What To Do In Case of a Chemical Spill

If you live or work near a chemical plant or any other area where chemicals are treated, you should take the time to establish a plan of action in case of a chemical spill.

If you come into contact with a chemical spill in your workplace, first try to determine whether it is a low hazard or high hazard spill.

Never touch the chemical spill without protective clothing and gloves, even if you do not perceive immediate danger.

If you know of or suspect that flammable gasses or vapors may be involved, do not operate any electrical or motorized equipment, except to turn them off. Remove any sources of heat from the area of the chemical spill as well.

If someone has been injured during the course of the chemical spill, remove him or her entirely from the area so that they can get fresh air.
If you experience a chemical spill that is potentially an emergency or high hazard spill, you should take great care to avoid the area of the spill entirely.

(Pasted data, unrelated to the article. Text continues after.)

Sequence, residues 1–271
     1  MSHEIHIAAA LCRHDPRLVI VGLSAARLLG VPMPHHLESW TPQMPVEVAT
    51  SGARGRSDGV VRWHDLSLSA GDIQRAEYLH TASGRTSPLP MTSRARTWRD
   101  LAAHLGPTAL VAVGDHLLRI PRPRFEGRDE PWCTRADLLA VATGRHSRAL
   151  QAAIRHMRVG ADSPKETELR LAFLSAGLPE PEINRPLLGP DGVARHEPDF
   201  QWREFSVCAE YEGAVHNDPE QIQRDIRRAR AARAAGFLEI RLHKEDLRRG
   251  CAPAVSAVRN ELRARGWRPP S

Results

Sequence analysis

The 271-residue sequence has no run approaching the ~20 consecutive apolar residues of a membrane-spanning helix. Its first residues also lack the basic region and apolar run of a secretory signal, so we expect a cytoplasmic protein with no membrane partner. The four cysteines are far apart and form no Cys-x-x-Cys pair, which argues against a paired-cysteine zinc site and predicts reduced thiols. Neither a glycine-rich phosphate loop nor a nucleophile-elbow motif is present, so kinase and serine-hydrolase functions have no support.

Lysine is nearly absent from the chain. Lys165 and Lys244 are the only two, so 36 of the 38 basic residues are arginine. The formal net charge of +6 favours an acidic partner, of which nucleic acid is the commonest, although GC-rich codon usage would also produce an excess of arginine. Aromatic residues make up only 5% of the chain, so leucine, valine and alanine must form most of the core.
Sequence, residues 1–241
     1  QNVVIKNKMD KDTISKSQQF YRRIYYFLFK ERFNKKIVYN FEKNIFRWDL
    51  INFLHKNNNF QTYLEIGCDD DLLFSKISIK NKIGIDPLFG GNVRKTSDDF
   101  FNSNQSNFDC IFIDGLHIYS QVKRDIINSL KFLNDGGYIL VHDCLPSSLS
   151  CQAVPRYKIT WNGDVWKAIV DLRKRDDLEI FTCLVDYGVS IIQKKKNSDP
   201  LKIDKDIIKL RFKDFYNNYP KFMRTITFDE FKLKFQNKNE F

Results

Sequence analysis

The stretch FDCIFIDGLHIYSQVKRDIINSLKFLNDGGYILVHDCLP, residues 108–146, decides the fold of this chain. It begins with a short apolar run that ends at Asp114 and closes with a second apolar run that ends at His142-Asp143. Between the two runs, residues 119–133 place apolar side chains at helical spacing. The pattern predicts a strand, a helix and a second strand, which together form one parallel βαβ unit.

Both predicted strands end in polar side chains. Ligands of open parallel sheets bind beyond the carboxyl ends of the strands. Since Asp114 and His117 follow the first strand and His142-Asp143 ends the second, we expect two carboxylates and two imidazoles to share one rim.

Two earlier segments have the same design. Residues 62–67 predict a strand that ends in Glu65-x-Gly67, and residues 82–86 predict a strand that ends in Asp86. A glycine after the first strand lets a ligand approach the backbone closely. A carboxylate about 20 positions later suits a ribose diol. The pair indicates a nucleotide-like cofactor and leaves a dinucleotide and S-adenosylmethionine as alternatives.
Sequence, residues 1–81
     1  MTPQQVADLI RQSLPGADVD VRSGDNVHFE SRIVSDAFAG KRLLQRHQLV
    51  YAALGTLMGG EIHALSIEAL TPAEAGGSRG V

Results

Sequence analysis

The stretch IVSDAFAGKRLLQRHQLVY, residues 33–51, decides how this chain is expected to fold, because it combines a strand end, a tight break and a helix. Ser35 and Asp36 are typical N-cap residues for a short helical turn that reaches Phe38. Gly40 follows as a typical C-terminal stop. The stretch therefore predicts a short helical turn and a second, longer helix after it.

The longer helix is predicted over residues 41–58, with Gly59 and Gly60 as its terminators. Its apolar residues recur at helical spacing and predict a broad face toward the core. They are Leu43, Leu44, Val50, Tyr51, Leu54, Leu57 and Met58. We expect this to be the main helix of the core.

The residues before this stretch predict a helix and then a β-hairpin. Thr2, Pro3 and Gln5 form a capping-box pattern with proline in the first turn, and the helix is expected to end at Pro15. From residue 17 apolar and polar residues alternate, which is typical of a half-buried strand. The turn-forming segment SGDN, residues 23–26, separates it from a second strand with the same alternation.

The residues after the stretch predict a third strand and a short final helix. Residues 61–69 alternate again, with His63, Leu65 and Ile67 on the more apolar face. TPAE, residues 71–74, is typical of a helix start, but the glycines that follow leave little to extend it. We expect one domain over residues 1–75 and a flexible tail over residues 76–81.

Chemical spills classified as emergency or hazardous should only be treated by professionally trained individuals.
If you are ever unsure as the nature of the chemical spill, it is a good idea to assume that the hazard level is high. Treat this type of chemical spill as a high hazard spill. Evacuate and secure the area, and contact the appropriate authorities immediately.

Oil Spill Response
If an oil spill occurs near where you live call the S.E.S and if they tell you to evacuate do it quickly!

If there is an oil spill you need the following things:
Absorbent
Spill Containment -
Stormwater Containment -
Spill Kits -
Bunding-
Chemicals / Cleaners -
Enzymes -


How to response to a oil spill!
If you cause a oil spill you are responsible to clean it up.
You should also call the s.e.s or police.
http://www.solveyourproblem.com/emergency-disasters/what_to_do_chemical_spill.shtml

by blarkin